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The Hellenization of the classical world is one of the biggest events in ancient history, similar to the conquests of Rome in later centuries. Greek rulers held Egypt, Mesopotamia, Turkey, even places as far as Afghanistan and Delhi. This trend continued into antiquity, with koine Greek becoming the lingua franca of the eastern half of the Roman Empire and still being used as a language of administration until the 1500s. My question is, why did Greek not develop into different languages over such a long period of time? Latin diverged into dozens of distinct languages in half the time, yet Greek remained mostly pure from Anatolia to Bactria. Why?

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    I am by no means an expert, so the preceding comment is not intended as an answer; rather, I’m wondering how you know Greek did not develop into different languages? What makes you say so? By “languages”, do you mean specifically formalized/standardized distinct varieties of speech with distinct written traditions that are associated with particular nationalities and felt by their speakers to not fall under some overarching category? – ewawe Nov 29 '17 at 21:01
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    Yes; we don't in fact call Italian Latin, but I'm saying I don't think there is any particularly linguistics-based reason for that. It's just an arbitrary convention – ewawe Nov 30 '17 at 1:57
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    A very interesting question! Looking forward to reading the answers here. I might share my thoughts too - can't promise though (too much work). Off the top of my head, I'd say it's because of the sociohistorical and sociolinguistic variables (so, those would be extralinguistic factors then). – Alex B. Nov 30 '17 at 4:22
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    Georg Bossong (Bossong 2017) writes that "The Falisco-Latin branch of Italic turned out to be one of the world's most successful language families. This is evidently due to not to inherent qualities of Latin, but to the military and political superiority of the Romans (senatus populusque romanus) (p. 861; emphasis mine - Alex B.). – Alex B. Nov 30 '17 at 4:36
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    Possible duplicate of Descendants of Latin vs. Greek? – jknappen - Reinstate Monica Dec 30 '17 at 19:27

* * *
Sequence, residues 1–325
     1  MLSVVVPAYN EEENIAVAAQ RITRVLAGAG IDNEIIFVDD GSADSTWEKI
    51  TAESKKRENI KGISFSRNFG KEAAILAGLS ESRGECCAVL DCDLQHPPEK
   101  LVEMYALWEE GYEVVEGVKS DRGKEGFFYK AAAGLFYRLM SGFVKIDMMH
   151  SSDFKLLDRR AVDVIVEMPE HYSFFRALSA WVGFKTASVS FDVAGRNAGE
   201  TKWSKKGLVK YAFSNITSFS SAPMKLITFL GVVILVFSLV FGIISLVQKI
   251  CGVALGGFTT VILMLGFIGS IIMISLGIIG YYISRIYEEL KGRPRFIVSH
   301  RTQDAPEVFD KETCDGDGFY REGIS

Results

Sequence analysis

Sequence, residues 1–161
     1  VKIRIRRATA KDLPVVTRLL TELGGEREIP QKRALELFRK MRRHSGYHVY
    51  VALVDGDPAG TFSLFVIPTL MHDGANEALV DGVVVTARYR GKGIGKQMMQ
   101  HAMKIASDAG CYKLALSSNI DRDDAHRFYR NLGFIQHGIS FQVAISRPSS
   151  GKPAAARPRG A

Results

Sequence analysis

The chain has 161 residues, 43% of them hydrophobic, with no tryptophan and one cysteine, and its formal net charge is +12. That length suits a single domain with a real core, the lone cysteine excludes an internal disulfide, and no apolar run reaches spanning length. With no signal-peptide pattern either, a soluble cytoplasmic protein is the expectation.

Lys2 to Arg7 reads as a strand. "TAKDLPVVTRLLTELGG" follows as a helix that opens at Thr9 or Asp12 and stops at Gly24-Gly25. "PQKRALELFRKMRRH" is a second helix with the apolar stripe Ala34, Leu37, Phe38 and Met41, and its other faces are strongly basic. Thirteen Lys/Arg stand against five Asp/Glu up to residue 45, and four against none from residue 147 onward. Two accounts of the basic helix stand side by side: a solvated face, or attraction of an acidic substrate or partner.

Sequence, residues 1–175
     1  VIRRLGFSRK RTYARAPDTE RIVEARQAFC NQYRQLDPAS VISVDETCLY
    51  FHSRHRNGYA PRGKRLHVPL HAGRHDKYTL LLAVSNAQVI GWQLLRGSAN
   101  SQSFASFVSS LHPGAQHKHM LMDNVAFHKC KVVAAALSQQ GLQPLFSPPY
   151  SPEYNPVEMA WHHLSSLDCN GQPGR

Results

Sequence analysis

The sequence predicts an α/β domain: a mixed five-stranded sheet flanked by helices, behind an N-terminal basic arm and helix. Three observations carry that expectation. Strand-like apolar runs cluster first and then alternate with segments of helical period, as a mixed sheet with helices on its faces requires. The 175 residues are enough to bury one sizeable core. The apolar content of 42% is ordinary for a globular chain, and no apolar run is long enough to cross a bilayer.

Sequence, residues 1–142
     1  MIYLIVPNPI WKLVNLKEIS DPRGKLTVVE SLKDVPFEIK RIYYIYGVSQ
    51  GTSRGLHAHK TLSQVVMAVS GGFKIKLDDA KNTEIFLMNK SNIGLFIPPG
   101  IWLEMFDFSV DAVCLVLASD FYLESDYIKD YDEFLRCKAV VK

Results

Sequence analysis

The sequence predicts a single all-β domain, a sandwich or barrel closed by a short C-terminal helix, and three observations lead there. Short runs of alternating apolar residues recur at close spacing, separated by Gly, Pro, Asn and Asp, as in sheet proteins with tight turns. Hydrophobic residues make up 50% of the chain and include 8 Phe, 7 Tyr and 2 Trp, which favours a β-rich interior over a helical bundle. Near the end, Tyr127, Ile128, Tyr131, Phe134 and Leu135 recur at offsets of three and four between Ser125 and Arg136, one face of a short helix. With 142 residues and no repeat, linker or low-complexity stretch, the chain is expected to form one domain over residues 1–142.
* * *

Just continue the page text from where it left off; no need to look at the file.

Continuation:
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Ancient Greek did develop into other languages. It's just that they did not end up as widespread as many of the descendants of Latin did. As happens to many (if not most?) languages, its descendants died out before becoming established. Even today, though, there are descendants of Ancient Greek which diverge from the Demotic/Katharevousa standard: e.g. Pontic, Cappadocian, Griko, Rumeíka.

The most divergent from standard Greek is probably Tsakonian, which although sometimes called a Greek 'dialect', is not mutually intelligible with standard Greek and probably deserves to be considered a distinct language. It is believed to be descended from Doric. It has only a few hundred speakers at most and is probably moribund.

As for why this happened, that's hard to say. Language evolution takes its twists and turns due to accidents of history.

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    @DeLissaplitzAnonymous Had the Greek dialects from Greece to India survived to the modern day, we would have distinct languages probably more divergent than the Romance languages, as they would have been spoken in Anatolia, Persia, Bactria etc. for far longer than the Romance languages in their current domains. Remember that the Roman empire lasted a long time after the collapse of the Greeks (unless you count the Byzantines as Greeks,... – sami.spricht.sprache Nov 30 '17 at 12:39
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    ...but even then, the Byzantines experienced language displacement by the Turks, which the Romance languages thanks to their location on the western edge of the Old World weren't at risk of). Also, written language is no indicator of linguistic distinction: just because you can read Tsakonian and not Italian says nothing about the fact that Spanish and Italian are less related than standard Greek and Tsakonian. – sami.spricht.sprache Nov 30 '17 at 12:41
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    I think that the reason "why" has something to do with the relative lack of political power held by people who spoke varieties of Greek, compared to the political power held by people who spoke varieties of Latin. Spanish, French, Portuguese, Italian, Romanian, etc. speakers have held political power in the regions where their languages diverged from Latin. But this didn't happen in the Hellenic languages; there is no "Spain" of Greek. – Mark Beadles Nov 30 '17 at 14:27
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    @MarkBeadles One reason for that would be that to the East, many of the cultures had as much of a writing tradition, so they preserved their languages better. Greece vs Persia is very different than Rome vs some Iberian tribes. Greece is effectively insular, the civilisation flourished at sea, so although it existed as far as Spain, Crimea, Egypt and so on, it was almost always along the coasts. The Romans in contrast could build roads into the continent, and notably their language did not survive in the provinces to which they could not. – Adam Bittlingmayer Nov 30 '17 at 22:52
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    @DeLissaplitzAnonymous "Is the Greek language just more conservative by nature than Latin? Is there innate some factor in language evolution that discourages changes in some languages?" No. As others said, it's all political/cultural. – Adam Bittlingmayer Nov 30 '17 at 22:52

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